MP: Just like Karl Josef Schattner and Carlo Scarpa later demanded.

RD: Schattner and Scarpa have decisively influenced this development. My problem with this attitude is that it’s simply not a continued development of the existing condition, but more of a final accounting. It’s a quasi-ahistorical attitude, because they’re looking for a final state. Here the old, there the new. How can you build on that? How can you perpetuate that? I think the main difference to our approach is that we proceed with the awareness that, as architects, we work on a project at a certain point in time which won’t be the last. There have been others there before us, and there will be others who will follow us. We’re responsible for ensuring that others can build upon our work, if necessary.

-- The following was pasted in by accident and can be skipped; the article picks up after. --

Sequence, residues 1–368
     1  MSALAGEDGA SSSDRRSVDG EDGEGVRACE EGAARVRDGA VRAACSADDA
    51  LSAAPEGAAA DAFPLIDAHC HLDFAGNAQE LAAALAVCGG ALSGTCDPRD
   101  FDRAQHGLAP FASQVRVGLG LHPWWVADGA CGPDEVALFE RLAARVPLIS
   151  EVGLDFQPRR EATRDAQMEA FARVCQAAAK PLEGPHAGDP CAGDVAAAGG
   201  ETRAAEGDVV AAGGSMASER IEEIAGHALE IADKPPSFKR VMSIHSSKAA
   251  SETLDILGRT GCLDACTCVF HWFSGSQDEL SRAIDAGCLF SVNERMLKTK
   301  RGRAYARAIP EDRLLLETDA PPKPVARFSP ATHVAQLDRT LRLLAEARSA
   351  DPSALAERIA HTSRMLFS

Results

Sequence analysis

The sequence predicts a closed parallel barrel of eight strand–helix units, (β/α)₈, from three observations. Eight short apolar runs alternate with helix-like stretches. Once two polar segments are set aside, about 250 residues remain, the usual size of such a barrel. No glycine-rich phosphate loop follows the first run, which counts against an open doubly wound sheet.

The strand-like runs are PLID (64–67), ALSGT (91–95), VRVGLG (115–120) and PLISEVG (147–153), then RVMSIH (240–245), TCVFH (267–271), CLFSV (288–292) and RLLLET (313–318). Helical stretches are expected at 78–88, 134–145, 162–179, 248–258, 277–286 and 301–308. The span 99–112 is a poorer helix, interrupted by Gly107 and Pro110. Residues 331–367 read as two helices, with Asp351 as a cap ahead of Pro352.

FH: But as an architect, you still leave behind visible traces.

RD: Of course our work doesn’t come without its traces. These traces may even be very personal aspects pertaining to one’s own interests as the architect responsible. But they must be integrated into the basic conditions. By this, we mean first and foremost the social mandate of architecture: making space available in a decisively qualified form. Secondly, the local context, in other words the existing condition. My notion of the city is an experience of the concurrence of older and newer parts. It presents itself with a limitless collection of means to fashion the distance or proximity between old and new. As architects we’ve never had any trepidation. We’ve never worried about whether our contribution can assert itself when viewed in isolation. Even with freestanding buildings, we expect them to develop a relationship with their surroundings, integrate themselves, and enhance the effect of what already exists rather than reduce it.

Conversion and extension of the Swiss Embassy, Berlin, 1995–2000.
The concrete relief on the west wall was designed by Helmut Federle. It conjures up memories of the buildings in the neighborhood which were destroyed in the war and “cleared away.”



Architecture as Resource / Imprint